2. I wish the best of luck to all the mompreneurs out there who are weathering the crisis with creative ideas and unlimited stamina. If you're a mompreneur, comment below and give yourself a well-deserved shout out for your business!
  3. I hope that my 6-year old finally learns to ride her bike without training wheels. Really kiddo - are 2 wheels enough, pretty please?
  4. I hope more restaurants serving seafood realize we are over-fishing the oceans and stick to sustainable seafood in their choices. I always check the Monterey Bay Aquarium Seafood Watch list when I order or buy seafood.
  5. I hope the little 10-year old who's a son of friends in France beats his cancer for good. Send your warm wishes to him in thoughts and prayers.
  6. I really want to mail all my 2012 greetings cards before Valentine's day - with last year's, for those that made it to the forever-later-pile in 2011.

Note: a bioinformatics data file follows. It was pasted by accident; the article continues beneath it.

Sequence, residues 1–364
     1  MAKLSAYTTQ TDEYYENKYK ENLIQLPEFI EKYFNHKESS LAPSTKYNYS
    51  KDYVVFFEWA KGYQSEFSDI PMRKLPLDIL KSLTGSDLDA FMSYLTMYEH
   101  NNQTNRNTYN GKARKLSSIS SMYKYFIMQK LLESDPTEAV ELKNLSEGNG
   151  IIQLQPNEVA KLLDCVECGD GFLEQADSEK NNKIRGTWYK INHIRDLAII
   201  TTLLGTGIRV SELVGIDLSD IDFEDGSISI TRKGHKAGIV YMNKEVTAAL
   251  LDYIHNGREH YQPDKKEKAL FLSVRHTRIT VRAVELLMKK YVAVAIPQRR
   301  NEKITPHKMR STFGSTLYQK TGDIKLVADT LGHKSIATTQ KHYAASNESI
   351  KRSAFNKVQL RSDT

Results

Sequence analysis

7. I hope my girls can swim safely before the summer as I won a Caribbean vacation and there's no Caribbean without swimming.
  8.  I wish for my husband to find a better work-life balance this year as his San Francisco-to-London traveling will be intense. Honey, how about we buy an Iceland second home, right in the middle?
  9. Direct consequence of number 8, I hope my babysitter won't contract a horrible and lengthy disease so she's free to watch my girls - and me free for regular girls night outs and movie nights. A computer screen is not my best friend, I need to remind myself daily.
  10. Last but not least I wish you all to be inspired by one person this year because inspiration is what keeps us going though the ups and downs of the daily grind. Find that one light in your life, cherish it, learn from it and get inspired!
Happy new year to you all!